The legal and economic arguments.

The ADA requires that every "service, program, or activity" at a public university be made "readily accessible and usable" to the disabled. Thus, if someone shows up at a public university in a wheelchair, she should immediately be able to use the restrooms and other parts of the campus without too much red tape or unnecessary drama. The easiest way to make every "service, program, or activity" readily accessible and usable to someone in a wheelchair is to make often modest physical upgrades to the campus. This might involve making a toilet stall wider or replacing a narrow door with a wider one.

In our case, McNeese had estimated that it would only have cost about $4,000 to upgrade every restroom in the student union. This isn't much money to a school that receives $75 million per year from the state and had additional methods of raising money, from tuition assessments to parking fines. Furthermore, McNeese was one of the lucky schools located in a town with a casino that provided it with approximately $2 million per year in bonus discretionary funds. Indeed, McNeese's budget documents demonstrated that it was flush with cash and routinely spent hundreds of thousands of dollars on campus beautification projects, such as a $300,000 life size statute of a cowboy riding a horse. Despite having more than adequate resources to do so, McNeese refused to upgrade any of its restrooms out of principle.

Instead, McNeese argued that every student, prospective student, visitor, guest, friend, family member, or transient who appears on its campus has a duty to carry their medical records with them, bring them to McNeese's ADA coordinator, and "register" themselves as disabled, to the satisfaction of the ADA coordinator. Of course, the ADA coordinator admitted that his office was located in an inaccessible building that the disabled often couldn't reach. And even if the disabled were able to make this trek, the ADA coordinator admitted that it was not his responsibility to do anything for them. Indeed, one of the strangest moments of the case occurred when the ADA coordinator said that he was unable to investigate my client's accident because, after six years on McNeese's payroll, he did not know where the student union was located (hint: it was about 100 feet from his inaccessible office). Yet, because of the mere presence of this coordinator, McNeese argued that it had satisfied its obligations to the disabled.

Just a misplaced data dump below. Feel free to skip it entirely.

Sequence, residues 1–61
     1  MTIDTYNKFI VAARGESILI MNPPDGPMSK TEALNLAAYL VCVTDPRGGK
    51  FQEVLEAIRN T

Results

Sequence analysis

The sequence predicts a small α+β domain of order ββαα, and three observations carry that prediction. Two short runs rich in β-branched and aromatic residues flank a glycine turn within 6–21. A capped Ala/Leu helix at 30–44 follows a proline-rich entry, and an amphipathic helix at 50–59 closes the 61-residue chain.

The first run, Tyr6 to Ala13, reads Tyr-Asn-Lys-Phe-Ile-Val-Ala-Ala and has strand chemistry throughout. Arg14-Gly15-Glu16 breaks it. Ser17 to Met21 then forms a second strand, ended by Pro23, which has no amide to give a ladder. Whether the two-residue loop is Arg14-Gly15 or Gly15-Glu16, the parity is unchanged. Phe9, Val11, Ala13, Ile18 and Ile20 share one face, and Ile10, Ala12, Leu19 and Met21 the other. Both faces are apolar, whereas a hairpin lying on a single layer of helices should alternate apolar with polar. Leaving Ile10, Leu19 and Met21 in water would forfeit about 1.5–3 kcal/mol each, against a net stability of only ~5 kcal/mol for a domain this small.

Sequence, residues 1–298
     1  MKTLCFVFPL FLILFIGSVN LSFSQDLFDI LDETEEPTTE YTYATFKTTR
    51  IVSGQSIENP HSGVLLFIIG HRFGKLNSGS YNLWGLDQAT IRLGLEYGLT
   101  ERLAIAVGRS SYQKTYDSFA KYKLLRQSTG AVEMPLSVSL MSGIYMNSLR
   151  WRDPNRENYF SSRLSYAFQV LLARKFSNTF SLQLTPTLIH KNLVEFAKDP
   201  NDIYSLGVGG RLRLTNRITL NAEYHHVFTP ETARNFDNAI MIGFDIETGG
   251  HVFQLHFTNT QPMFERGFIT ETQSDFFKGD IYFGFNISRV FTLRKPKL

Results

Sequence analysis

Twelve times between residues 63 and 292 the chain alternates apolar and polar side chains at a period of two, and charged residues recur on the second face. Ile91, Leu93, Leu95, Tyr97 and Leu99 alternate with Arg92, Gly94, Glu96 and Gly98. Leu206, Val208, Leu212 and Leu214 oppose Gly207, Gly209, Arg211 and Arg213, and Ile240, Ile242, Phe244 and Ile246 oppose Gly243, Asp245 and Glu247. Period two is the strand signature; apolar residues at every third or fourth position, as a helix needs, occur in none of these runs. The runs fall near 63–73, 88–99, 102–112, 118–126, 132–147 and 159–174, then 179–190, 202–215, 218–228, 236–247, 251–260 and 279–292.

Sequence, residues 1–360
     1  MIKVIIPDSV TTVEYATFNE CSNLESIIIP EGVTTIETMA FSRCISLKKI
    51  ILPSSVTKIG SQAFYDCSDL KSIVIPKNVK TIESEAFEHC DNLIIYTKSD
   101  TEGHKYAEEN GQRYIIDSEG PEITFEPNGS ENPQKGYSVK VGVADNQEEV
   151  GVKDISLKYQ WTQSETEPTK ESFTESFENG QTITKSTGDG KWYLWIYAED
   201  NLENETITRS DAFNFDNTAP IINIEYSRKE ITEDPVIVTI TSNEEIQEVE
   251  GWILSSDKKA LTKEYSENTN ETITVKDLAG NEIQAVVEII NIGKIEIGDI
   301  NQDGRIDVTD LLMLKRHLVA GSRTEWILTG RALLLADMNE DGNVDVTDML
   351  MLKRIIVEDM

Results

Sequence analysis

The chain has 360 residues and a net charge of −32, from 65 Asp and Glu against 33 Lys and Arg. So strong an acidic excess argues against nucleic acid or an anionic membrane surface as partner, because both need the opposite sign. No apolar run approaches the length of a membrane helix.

The most dramatic testimony in the case occurred when the president of the university admitted in his video deposition that he did not consider it "fundamentally important" for the disabled to have access to certain buildings (such as the student union and cafeteria) on his campus and, therefore, he did not regard it as a "high priority" for the disabled to get into those buildings. If you transpose the word "disabled" with the word "black", "Catholic", "Jewish", "foreign", or any other term of race or religion, you get an idea of how offensive that is. Would you allow your client to testify that it's not "fundamentally important" for black students to be able to access a campus cafeteria?